What is an exegesis?
Exegesis is a form of assessment that generally accompanies a student's creative work, for example, a short film.
Exegesis usually takes the form of a written, audio, or video essay and provides a critical explanation of the logical thought processes, choice of themes, and justifications for the creative decisions made when the creative work was produced.
Exegeses also allow for students to critically examine their creative work in comparison to current theory and practice.
Components of an exegesis
You may be asked to include other components in your exegesis. The below is a format template and a general guide to the content to include. Please read your assessment question carefully and check with your lecturer for anything specific you should include.
Here you can describe your work.
What is about? What are the themes?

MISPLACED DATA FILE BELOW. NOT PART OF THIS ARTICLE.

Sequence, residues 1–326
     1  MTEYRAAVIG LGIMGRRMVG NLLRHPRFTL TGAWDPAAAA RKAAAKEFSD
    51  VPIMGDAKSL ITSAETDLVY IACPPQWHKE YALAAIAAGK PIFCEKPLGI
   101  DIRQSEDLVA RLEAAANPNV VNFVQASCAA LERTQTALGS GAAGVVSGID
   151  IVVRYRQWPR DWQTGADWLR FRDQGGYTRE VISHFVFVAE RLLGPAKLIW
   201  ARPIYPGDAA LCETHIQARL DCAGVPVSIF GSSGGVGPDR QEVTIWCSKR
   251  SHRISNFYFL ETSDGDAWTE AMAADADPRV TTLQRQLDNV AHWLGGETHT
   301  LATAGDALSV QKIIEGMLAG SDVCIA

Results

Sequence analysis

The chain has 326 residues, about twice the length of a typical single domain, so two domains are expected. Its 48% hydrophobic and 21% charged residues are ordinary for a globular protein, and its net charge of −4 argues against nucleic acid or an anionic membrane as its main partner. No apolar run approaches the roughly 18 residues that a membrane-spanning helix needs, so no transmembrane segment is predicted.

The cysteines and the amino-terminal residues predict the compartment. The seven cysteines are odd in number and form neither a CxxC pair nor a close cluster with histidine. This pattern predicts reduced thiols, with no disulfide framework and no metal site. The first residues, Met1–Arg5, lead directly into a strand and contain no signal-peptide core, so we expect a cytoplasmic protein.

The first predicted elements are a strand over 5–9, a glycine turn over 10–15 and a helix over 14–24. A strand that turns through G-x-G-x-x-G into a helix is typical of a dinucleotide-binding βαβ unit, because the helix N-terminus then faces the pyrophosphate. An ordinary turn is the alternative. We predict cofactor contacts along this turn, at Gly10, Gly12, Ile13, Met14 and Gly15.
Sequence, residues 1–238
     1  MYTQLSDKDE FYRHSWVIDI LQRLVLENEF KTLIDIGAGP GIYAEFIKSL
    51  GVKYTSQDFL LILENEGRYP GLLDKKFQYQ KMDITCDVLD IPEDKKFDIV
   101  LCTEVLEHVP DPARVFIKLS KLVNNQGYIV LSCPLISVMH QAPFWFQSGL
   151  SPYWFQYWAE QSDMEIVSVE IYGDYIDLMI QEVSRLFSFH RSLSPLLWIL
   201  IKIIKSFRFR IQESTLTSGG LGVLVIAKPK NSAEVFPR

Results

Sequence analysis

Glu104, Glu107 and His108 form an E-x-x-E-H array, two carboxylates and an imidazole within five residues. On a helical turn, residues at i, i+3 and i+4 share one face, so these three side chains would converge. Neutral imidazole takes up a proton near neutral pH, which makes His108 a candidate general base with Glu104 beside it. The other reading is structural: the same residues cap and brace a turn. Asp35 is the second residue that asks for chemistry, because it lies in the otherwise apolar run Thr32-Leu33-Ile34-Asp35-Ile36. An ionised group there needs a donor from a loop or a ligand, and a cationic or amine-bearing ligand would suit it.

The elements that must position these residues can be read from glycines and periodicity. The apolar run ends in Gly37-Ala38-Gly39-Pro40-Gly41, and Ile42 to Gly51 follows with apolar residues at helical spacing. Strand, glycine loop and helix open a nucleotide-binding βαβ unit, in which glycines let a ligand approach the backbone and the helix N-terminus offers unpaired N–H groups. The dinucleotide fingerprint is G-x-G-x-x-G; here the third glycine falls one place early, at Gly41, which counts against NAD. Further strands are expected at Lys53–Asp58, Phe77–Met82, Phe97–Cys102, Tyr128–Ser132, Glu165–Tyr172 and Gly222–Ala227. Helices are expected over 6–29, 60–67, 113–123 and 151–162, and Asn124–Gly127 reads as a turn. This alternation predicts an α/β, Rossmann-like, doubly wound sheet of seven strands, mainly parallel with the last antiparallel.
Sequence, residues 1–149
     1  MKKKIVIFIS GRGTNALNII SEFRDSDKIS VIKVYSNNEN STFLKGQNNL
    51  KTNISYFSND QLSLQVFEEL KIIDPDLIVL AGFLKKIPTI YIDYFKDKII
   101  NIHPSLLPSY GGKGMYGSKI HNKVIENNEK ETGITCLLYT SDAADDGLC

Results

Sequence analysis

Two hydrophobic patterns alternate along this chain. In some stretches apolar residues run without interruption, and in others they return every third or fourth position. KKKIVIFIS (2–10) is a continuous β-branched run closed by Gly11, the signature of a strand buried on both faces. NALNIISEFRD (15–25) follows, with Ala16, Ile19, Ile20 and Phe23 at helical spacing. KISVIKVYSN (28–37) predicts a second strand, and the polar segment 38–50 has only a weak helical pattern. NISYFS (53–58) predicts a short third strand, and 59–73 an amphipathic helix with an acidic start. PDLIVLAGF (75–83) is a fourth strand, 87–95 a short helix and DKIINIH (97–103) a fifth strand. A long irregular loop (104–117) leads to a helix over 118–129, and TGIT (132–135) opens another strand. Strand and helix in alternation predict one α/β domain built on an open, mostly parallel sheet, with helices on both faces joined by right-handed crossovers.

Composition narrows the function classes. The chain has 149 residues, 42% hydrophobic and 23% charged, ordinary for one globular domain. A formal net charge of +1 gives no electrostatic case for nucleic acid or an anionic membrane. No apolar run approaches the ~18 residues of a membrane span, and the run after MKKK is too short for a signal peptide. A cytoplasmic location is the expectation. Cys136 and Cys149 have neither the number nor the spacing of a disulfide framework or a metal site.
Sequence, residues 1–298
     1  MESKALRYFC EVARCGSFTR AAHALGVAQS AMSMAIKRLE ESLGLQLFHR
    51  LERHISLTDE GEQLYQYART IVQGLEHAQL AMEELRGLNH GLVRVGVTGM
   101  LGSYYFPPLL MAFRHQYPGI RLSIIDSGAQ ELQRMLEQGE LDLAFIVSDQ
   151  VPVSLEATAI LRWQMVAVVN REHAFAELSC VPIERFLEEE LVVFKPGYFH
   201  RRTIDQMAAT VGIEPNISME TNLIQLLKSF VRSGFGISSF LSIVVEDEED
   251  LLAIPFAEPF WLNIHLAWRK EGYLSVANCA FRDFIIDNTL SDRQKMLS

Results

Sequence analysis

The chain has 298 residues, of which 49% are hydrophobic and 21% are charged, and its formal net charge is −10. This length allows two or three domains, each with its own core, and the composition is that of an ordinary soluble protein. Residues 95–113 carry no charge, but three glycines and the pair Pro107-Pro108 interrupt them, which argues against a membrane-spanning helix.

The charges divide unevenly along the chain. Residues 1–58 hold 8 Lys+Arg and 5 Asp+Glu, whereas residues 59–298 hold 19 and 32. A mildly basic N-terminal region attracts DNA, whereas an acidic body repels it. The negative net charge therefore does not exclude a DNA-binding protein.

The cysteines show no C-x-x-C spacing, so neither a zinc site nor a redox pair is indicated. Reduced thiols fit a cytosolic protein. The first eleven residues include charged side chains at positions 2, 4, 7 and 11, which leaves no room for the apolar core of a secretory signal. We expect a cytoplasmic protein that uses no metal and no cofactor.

Why is it important to you and why will it be important to your audience?
Where does your work sit within a broader social, historical or artistic context?
Also identify the discussion points to come, and outline what you will talk about in the body of your exegesis.
This is where you will delve into analysing your work further.
You may include:
An outline and assessment of the process that you undertook to create the work, also discussing which aspects of the process worked well and which didn't.
Your inspiration, your ideas and the process of moved from ideas to physical works.
The historical and cultural context and significance or your work.
A detailed look at the work itself - each aspect of the work, especially in relation to the above concepts.
Here you will sum up your ideas and give a broad overview of the outcomes and discoveries that you discussed above.